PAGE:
World Health Organization (WHO) Ethiopian Director-General Tedros Adhanom Ghebreyesus during a press briefing on Covid-19 Photograph:( AFP )
Scientists suspect, but have not proven, that the new coronavirus passed to humans from bats via pangolins
The World Health Organization on Tuesday called for a halt to the sale of live wild mammals in food markets to prevent the spread of disease.
"Animals, particularly wild animals, are the source of more than 70 per cent of all emerging infectious diseases in humans, many of which are caused by novel viruses. Wild mammals, in particular, pose a risk for the emergence of new diseases," WHO said in a statement.
It said some of the earliest known cases of Covid-19 had a link to a wholesale traditional food market in Wuhan in China, with many of the initial patients stall owners, market employees or regular visitors to the market.
Scientists suspect, but have not proven, that the new coronavirus passed to humans from bats via pangolins, a small ant-eating mammal whose scales are highly prized in traditional Chinese medicine.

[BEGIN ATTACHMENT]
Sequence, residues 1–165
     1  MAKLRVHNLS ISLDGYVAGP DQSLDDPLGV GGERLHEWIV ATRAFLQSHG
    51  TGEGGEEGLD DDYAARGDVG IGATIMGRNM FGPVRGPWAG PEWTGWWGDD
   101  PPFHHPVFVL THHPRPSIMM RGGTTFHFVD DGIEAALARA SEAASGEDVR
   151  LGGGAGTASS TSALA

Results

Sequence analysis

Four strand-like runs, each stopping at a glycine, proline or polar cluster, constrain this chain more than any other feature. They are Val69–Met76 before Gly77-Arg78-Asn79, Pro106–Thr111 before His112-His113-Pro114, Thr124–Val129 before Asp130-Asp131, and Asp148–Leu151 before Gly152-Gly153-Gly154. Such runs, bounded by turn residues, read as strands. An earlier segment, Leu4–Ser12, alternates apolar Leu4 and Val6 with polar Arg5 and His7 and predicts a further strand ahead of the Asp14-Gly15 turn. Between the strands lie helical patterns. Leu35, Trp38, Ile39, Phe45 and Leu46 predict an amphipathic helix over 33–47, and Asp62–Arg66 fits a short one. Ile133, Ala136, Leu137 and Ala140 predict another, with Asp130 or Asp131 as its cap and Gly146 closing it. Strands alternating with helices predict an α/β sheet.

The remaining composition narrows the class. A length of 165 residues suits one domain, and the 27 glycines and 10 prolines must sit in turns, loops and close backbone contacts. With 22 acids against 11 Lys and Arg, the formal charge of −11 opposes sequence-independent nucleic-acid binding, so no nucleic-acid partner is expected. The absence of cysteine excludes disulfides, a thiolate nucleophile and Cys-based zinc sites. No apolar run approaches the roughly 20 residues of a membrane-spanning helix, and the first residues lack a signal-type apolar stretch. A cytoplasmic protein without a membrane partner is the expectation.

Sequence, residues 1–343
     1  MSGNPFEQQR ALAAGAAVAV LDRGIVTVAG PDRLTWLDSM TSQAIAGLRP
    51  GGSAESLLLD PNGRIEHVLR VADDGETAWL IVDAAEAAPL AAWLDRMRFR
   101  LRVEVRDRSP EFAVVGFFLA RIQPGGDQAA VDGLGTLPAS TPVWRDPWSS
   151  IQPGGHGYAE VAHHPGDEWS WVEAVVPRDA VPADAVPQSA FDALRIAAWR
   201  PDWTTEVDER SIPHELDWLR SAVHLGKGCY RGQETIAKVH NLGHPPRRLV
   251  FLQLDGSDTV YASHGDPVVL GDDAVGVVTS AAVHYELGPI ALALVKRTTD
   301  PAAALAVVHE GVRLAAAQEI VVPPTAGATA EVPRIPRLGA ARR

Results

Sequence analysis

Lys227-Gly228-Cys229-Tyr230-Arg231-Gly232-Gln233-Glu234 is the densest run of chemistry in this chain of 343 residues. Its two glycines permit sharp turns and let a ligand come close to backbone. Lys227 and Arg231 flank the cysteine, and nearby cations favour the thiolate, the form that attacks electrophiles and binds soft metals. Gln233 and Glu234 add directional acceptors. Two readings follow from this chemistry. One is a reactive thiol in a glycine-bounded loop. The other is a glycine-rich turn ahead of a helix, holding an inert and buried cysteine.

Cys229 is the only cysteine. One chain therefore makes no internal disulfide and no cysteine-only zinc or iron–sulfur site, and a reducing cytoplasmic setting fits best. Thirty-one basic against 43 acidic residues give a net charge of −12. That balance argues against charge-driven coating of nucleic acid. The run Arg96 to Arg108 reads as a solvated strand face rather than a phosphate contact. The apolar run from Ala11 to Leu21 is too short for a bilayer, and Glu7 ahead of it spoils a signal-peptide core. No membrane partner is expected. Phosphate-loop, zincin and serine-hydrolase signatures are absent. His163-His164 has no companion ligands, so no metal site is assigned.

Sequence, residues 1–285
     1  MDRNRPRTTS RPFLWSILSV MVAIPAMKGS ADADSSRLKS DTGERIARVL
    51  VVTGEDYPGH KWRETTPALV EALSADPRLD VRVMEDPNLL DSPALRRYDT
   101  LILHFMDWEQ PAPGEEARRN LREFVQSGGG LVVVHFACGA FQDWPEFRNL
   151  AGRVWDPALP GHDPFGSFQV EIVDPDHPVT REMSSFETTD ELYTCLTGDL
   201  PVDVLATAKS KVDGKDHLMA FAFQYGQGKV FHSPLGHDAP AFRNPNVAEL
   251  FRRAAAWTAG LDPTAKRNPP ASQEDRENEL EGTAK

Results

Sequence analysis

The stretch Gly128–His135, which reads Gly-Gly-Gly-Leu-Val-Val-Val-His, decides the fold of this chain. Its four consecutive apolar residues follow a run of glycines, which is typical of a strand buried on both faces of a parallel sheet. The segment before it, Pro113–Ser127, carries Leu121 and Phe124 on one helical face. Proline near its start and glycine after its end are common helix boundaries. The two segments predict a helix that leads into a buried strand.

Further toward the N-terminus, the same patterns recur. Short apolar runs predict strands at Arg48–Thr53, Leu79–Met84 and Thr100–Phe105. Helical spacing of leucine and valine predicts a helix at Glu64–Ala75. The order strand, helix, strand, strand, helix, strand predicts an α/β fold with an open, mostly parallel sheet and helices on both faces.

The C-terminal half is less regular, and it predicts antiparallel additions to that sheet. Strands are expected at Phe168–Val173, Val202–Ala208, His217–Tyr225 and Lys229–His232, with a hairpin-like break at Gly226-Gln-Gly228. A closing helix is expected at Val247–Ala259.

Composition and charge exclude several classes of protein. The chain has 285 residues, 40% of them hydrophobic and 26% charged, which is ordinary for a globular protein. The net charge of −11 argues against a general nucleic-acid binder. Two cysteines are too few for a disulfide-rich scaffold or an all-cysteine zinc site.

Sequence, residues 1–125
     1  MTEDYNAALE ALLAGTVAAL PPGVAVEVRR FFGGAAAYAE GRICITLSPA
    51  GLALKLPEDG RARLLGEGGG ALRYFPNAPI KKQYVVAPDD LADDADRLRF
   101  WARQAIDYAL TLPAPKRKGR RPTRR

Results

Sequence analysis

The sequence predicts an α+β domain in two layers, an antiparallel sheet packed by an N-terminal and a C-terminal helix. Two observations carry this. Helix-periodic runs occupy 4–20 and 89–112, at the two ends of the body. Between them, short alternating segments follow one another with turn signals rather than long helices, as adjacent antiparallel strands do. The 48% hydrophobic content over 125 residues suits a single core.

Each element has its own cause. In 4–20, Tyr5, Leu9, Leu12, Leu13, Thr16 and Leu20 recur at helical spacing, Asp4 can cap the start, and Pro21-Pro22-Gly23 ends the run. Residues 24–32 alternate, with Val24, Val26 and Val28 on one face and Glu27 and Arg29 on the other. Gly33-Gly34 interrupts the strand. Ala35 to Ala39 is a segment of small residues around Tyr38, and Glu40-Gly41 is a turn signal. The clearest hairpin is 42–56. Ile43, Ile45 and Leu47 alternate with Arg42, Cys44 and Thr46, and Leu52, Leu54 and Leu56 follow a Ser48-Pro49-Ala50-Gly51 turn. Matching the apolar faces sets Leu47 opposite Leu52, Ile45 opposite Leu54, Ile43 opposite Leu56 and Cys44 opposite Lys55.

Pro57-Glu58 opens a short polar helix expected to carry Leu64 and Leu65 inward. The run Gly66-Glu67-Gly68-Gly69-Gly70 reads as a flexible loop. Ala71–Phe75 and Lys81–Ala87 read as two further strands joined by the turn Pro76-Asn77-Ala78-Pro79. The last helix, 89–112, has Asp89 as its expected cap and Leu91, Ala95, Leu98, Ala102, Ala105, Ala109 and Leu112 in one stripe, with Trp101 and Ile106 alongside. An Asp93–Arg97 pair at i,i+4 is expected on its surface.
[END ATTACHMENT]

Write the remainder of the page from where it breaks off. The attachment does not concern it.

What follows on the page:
The interim guidance was drawn up alongside the World Organisation for Animal Health (OIE) and the United Nations Environment Programme (UNEP).
"The guidance calls on countries to suspend the sale of captured live wild mammals in food markets as an emergency measure," the WHO said.
"Animals, particularly wild animals, are the source of more than 70 percent of all emerging infectious diseases in humans, many of which are caused by novel viruses. Wild mammals, in particular, pose a risk for the emergence of new diseases," it said.
"Traditional markets, where live animals are held, slaughtered and dressed, pose a particular risk for pathogen transmission to workers and customers alike," said the guidance.
It also called on governments to close sections of food markets selling live wild mammals unless adequate risk assessments were in place.
Some of the earliest COVID-19 infections were found in people who had exposure to Wuhan’s seafood market, where bats, snakes, civets and other wildlife were sold. China temporarily shut down all such markets in January, warning that eating wild animals posed a threat to public health and safety.
(With inputs from agencies)